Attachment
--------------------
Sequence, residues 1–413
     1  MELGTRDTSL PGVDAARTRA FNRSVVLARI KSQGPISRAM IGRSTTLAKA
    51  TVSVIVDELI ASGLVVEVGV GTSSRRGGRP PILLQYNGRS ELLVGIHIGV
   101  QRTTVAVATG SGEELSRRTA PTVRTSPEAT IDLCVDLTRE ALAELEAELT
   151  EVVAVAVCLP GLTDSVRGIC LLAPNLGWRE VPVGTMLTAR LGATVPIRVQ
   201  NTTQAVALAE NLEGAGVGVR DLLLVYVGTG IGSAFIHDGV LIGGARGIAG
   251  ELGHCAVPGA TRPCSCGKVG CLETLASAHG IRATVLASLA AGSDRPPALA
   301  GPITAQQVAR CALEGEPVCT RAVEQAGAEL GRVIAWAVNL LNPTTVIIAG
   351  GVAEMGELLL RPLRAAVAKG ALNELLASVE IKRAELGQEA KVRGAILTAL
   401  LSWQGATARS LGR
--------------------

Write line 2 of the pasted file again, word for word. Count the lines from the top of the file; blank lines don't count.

     1  MELGTRDTSL PGVDAARTRA FNRSVVLARI KSQGPISRAM IGRSTTLAKA